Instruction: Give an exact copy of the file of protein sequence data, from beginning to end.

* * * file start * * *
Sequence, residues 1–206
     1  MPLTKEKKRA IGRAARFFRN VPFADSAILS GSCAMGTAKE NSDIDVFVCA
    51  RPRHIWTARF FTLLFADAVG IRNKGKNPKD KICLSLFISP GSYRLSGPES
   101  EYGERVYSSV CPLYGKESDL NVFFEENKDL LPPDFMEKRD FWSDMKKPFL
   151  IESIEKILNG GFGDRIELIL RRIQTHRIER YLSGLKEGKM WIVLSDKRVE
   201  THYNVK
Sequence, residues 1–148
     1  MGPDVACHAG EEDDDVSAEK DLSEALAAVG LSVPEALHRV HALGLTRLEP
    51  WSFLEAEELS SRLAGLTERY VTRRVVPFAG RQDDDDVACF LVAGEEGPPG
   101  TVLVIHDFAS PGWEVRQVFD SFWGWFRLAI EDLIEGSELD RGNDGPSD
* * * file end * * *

Sequence, residues 1–206
     1  MPLTKEKKRA IGRAARFFRN VPFADSAILS GSCAMGTAKE NSDIDVFVCA
    51  RPRHIWTARF FTLLFADAVG IRNKGKNPKD KICLSLFISP GSYRLSGPES
   101  EYGERVYSSV CPLYGKESDL NVFFEENKDL LPPDFMEKRD FWSDMKKPFL
   151  IESIEKILNG GFGDRIELIL RRIQTHRIER YLSGLKEGKM WIVLSDKRVE
   201  THYNVK
Sequence, residues 1–148
     1  MGPDVACHAG EEDDDVSAEK DLSEALAAVG LSVPEALHRV HALGLTRLEP
    51  WSFLEAEELS SRLAGLTERY VTRRVVPFAG RQDDDDVACF LVAGEEGPPG
   101  TVLVIHDFAS PGWEVRQVFD SFWGWFRLAI EDLIEGSELD RGNDGPSD